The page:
Fruits                  :  Apple, oranges, strawberries, guava, pears 

Vegetables         :  Spinach, Broccoli, Cauliflower, Peas, beetroot

Legumes            :  Lentils, chickpeas, soybeans and kidney beans

Nuts and seeds  :  Almonds, flaxseeds and sunflower seeds

 

  • Protein:

 

flat-lay photography of assorted-variety of stir fried and vegetable foods

 

Just like fibers, eating fibers also make you feel full easily. Thus helping you to lose weight.

 

Protein rich foods:

 

Omega-3 rich foods such as Fish and Almonds.

Legumes, soy, nuts and seeds.

 

  • Antioxidant rich foods:

 

tray of food on white surface

 

Inflammation is one other problem that comes along with PCOS. Inflammation can be troublesome for our gut and digestive system. Foods rich in antioxidants can help with inflammation.

 

Foods rich in antioxidants:

 

Fruits                    : Strawberries, blueberries, raspberries.

Vegetables           : Spinach, artichokes, kale.

Whole Grains       : Whole oats, whole wheat, quinoa, brown rice.

Unsaturated fats  : Nuts like pecans and nut butters, olive oil, avocado. 

 

Conclusion

 

A balanced diet and a healthy lifestyle is a simple solution for reducing PCOS symptoms. This helps in reducing the glucose levels, further reducing the insulin resistance in our body. 

 

Remember the two golden rules to manage PCOS:

  1. Lose fat.
  2. Be mindful of what you eat.

 

Stop ignoring the signs that your body is giving you about PCOS. Start acting on it immediately before it’s late. Because if you ignore it for a long time, it can lead  to much more problematic complications.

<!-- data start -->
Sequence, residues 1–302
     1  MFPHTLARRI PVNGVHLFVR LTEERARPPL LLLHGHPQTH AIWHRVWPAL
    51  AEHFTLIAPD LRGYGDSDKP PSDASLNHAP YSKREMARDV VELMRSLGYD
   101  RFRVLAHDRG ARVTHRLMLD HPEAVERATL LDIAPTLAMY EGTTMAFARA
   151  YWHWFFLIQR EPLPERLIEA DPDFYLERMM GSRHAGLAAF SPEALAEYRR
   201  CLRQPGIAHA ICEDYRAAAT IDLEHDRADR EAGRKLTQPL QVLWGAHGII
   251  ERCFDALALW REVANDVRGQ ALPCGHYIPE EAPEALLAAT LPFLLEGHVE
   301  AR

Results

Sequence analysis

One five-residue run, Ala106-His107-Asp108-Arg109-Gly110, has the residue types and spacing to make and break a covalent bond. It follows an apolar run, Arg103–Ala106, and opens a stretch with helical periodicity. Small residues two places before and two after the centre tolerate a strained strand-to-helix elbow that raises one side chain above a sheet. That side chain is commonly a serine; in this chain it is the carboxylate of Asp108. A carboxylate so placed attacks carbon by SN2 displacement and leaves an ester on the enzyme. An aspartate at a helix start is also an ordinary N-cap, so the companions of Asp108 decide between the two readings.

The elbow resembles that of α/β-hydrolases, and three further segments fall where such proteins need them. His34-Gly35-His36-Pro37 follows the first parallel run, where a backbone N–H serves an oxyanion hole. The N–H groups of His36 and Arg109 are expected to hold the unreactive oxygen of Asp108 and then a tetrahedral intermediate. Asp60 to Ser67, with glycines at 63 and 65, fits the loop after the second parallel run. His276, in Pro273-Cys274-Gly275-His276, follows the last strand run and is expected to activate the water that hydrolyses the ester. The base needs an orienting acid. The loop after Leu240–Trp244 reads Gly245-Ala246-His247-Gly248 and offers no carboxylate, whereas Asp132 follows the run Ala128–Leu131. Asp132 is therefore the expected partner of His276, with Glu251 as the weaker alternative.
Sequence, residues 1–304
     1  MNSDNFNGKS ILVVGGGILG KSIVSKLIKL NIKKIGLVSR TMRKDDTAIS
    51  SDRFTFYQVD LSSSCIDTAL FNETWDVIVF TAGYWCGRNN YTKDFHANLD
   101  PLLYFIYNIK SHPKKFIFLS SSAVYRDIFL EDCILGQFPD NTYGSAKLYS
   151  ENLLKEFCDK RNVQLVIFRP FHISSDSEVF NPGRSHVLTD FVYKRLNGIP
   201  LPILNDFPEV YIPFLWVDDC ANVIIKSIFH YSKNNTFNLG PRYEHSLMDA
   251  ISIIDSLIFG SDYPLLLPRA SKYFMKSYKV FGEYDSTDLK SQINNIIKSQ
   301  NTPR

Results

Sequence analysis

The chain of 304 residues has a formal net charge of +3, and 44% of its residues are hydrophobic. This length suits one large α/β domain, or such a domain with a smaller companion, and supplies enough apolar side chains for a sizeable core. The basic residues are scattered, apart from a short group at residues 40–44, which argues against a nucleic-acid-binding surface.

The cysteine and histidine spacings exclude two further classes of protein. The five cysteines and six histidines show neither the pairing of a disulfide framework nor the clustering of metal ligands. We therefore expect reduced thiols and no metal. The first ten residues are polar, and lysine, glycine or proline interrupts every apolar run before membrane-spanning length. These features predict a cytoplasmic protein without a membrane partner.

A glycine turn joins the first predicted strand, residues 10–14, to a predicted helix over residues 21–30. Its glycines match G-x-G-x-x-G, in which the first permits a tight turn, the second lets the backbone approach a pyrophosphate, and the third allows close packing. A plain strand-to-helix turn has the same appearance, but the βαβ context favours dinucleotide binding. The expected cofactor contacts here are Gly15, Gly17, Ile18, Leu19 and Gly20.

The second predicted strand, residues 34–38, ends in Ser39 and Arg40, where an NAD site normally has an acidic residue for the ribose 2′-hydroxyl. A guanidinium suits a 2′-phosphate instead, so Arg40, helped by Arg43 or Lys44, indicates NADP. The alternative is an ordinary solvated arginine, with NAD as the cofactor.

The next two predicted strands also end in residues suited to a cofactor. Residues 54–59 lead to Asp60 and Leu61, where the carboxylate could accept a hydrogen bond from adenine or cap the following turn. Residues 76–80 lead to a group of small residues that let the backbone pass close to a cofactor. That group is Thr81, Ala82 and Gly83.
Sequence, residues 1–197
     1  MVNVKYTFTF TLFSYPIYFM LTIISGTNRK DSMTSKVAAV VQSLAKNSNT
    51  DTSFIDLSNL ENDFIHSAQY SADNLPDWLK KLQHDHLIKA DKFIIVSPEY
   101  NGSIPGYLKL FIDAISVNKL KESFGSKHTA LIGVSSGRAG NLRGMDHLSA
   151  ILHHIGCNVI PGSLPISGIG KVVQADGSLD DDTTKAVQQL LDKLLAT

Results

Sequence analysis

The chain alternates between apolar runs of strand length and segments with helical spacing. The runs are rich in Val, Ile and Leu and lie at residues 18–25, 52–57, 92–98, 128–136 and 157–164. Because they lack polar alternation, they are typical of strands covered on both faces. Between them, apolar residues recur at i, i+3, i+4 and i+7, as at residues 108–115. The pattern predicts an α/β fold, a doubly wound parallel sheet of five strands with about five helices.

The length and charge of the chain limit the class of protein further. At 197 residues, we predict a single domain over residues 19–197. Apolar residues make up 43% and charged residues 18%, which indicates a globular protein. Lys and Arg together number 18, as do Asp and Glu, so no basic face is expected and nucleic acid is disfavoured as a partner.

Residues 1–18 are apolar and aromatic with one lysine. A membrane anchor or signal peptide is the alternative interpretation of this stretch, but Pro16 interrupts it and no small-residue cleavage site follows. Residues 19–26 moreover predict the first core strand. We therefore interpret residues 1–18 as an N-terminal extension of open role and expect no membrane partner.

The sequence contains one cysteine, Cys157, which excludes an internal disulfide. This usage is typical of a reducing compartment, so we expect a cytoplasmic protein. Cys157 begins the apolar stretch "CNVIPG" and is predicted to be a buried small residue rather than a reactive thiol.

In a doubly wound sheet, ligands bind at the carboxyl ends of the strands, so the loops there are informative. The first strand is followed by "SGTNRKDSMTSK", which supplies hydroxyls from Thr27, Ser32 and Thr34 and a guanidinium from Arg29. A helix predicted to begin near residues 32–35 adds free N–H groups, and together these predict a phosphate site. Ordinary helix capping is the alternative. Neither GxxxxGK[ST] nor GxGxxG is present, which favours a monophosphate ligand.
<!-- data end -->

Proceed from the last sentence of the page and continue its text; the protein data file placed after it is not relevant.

Overeating and PCOS: The Cause and the Disease.

Overeating and Insulin resistance

 

There is no one reason that can be said as the cause of PCOS. But there are few habits that we develop that will for sure trigger and exceed the already existing PCOS in our body. One of them is Overeating.

Consider each individual cells in our body as little houses. These little houses function when we provide them with fuel as food.  The food which is converted into glucose is absorbed by our cells in order to attain energy. But excess of a good thing can cause havoc even in the little cell houses. When we overeat, it causes problems in the happy-go-lucky cell homes. The intake of glucose becomes difficult.

When a person overeats, it’s as if there has been a permanent lock in our cell houses for the intake of glucose. The work of insulin in our body is to open the cell house doors for the glucose to enter. But due to overeating, the glucose level rises in our body. It is thus very important to control our habit of overeating to manage insulin resistance and PCOS.

 

 

 

Now, since glucose has nowhere to go, it stays in the carrier itself. This leads to the assimilation of glucose in our blood rather than our cells. 

 

But the insulin still keeps trying. Our pancreas sees that there has been an increase in the blood sugar level. So, it tries to compensate it by producing more insulin. This excess production of insulin in our body is Hyperinsulinemia.

 

Hyperinsulinemia and PCOS